An interesting result that we have found is that different collections require different pre-processing and post-processing. For instance, a pre-processing step for an HTML collection of documents might be to remove HTML tags except for META tags. Other collections may need different pre-processing. An encyclopedia with structured articles might necessitate splitting the articles up by sections and sending each section through Scorpion so that subjects could be assigned to each individual section and not just the article as a whole.
A good example of pre-processing data for Scorpion was performed by Jean Godby at OCLC. (Figure 2.) She was interested in automatically extending Dewey with new concepts. As an example of this, she took a set of articles with the term "AT&T" in them and assumed that the collection of articles constituted a general definition of AT&T. (Given enough example articles, one can see how this would be true.) She then took this collection of articles, collapsed them into a single article and submitted that article to Scorpion. Scorpion returned good, general results, but she thought she could do better. So, she ran the raw data through her natural language processing tools to create a surrogate of the important phrases contained in the raw text. This surrogate was then run through Scorpion. The surrogate results were better, more specific than the raw data results. Note that Scorpion did not change, just the input to Scorpion.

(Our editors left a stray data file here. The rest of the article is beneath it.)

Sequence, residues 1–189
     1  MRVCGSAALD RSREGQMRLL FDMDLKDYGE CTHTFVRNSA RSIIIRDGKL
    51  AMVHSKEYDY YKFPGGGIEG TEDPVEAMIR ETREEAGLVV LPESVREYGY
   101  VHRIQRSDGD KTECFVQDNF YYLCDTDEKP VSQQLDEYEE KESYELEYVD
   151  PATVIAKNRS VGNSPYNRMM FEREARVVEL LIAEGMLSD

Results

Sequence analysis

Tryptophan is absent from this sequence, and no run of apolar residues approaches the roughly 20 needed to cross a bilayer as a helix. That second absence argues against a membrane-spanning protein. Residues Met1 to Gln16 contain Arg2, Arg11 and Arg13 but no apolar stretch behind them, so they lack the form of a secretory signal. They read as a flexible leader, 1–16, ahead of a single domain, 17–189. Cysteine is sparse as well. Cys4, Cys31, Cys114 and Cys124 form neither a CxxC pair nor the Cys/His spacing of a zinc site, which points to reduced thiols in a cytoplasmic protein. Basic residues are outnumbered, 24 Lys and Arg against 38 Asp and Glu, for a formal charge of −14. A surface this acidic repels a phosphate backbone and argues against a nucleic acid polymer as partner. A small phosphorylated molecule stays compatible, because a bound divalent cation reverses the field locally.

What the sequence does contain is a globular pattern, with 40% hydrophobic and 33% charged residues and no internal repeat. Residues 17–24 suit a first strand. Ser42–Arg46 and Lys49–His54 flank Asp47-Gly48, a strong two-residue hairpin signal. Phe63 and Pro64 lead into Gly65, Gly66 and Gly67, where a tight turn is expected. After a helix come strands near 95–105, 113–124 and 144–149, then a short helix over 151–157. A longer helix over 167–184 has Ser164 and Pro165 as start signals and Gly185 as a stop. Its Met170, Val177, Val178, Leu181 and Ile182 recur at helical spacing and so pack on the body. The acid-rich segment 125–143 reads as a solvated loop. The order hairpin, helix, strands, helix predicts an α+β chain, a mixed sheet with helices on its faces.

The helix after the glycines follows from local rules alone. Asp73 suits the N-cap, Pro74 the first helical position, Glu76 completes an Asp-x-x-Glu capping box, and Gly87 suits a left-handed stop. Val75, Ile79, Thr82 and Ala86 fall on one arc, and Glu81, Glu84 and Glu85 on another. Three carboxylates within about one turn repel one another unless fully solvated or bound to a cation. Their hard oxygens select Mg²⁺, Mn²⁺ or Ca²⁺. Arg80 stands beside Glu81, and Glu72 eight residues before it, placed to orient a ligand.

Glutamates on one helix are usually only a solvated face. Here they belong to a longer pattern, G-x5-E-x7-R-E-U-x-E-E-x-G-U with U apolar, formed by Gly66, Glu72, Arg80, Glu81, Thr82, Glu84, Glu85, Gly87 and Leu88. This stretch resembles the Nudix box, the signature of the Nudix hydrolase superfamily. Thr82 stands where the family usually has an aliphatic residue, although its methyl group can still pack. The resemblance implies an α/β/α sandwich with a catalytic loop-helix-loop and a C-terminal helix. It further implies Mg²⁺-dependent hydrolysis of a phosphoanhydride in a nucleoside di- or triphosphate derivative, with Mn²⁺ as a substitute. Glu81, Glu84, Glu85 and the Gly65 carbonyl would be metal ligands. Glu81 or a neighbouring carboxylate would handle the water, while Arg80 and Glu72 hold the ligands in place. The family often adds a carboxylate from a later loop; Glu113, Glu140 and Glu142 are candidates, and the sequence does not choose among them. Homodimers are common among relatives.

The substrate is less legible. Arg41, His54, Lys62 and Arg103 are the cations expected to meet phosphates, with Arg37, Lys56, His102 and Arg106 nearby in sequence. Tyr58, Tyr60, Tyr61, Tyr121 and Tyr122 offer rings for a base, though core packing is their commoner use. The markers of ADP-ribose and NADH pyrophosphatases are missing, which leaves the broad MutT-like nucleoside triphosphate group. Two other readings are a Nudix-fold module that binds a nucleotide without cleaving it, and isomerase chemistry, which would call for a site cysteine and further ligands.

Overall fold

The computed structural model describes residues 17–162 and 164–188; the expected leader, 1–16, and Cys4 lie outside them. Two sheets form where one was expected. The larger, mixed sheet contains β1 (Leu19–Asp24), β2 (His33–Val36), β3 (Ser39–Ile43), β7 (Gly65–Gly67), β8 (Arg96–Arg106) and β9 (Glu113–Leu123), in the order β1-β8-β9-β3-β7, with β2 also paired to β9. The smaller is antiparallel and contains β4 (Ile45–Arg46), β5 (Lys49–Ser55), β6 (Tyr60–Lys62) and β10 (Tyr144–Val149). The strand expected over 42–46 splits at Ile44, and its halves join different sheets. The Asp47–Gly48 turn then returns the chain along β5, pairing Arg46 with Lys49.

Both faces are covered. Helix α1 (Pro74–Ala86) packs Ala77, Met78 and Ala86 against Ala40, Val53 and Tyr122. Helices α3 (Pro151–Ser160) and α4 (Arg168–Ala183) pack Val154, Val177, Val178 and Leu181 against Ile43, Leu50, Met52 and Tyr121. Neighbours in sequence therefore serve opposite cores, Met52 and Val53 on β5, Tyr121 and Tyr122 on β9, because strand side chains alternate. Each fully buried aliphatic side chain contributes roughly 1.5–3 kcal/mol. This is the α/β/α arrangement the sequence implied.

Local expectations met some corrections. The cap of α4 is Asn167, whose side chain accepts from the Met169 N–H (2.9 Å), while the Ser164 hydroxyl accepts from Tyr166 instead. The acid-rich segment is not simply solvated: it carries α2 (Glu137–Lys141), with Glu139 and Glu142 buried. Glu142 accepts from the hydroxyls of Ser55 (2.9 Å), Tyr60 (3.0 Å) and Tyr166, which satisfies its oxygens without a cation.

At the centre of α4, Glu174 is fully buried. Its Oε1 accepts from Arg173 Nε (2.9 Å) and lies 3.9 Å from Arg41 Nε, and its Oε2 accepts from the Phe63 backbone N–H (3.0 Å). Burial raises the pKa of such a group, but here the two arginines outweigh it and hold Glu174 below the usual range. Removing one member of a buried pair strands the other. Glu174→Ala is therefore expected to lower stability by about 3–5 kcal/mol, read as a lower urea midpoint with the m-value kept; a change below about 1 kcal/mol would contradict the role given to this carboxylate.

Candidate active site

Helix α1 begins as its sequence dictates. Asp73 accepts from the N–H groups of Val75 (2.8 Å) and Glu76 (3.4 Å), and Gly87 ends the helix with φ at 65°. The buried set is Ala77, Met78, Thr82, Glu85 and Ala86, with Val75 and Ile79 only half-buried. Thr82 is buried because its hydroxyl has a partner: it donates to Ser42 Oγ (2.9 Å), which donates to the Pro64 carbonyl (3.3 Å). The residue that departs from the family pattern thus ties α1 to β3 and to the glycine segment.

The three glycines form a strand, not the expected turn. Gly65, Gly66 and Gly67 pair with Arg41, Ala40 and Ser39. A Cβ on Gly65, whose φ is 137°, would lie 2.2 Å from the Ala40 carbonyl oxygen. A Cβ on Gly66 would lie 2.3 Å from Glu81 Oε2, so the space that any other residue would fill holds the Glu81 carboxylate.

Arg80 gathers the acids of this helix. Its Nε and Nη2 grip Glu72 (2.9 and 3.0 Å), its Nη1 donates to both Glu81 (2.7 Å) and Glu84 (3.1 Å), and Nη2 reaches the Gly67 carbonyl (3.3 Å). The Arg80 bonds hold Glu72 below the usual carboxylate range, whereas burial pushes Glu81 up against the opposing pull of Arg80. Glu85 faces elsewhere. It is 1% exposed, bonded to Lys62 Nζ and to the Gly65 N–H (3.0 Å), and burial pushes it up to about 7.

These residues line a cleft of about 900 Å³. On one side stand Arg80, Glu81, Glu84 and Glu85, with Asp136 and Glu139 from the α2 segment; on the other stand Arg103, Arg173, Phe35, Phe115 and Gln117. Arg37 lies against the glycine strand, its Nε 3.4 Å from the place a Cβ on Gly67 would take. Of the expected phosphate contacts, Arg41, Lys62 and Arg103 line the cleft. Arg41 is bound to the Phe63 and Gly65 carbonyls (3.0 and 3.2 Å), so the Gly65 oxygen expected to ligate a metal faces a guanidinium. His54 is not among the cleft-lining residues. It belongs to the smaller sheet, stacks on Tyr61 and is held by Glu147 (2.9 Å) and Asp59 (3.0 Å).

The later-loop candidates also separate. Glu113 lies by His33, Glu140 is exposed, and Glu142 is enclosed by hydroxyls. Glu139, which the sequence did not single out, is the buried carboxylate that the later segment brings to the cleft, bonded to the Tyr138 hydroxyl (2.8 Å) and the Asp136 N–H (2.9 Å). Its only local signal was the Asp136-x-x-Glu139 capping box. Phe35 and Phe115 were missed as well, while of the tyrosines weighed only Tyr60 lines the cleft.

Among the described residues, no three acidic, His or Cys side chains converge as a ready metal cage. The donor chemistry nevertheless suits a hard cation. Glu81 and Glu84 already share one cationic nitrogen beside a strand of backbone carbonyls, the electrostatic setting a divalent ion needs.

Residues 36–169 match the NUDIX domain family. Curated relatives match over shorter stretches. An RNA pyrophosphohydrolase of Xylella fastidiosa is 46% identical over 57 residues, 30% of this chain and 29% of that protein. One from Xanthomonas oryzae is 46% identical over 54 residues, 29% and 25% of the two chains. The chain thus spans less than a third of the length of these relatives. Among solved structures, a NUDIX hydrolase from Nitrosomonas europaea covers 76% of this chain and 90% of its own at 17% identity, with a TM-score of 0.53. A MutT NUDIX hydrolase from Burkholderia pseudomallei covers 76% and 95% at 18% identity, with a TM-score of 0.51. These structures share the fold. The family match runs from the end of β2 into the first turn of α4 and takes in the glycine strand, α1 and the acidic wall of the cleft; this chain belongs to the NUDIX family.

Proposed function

As mentioned earlier, it may also be important to perform some clean up of result sets. This post-processing of Scorpion results has become a major research effort for us. While we are already producing good result sets, we are continually seeking ways to remove the occasional entry that humans immediately note as unwanted. For instance, we once got "forest exploitation" returned as a possible subject for OCLC's homepage because the page mentioned "OCLC Forest Press." Clearly, cleanup of this type is important.
Scorpion is a research project. While many initial tools have been built and evaluation has begun, there is still much work to be done. We have several ideas for improvement and expect many more suggestions from external users of the Scorpion tools. Some anticipated results include
where additional documentation explaining the Scorpion tools and experimental results will be posted. At the time this article was written, the Scorpion Web demonstration required an ID and password. Anyone desiring to see the Scorpion tools in action should contact the author for an ID and password.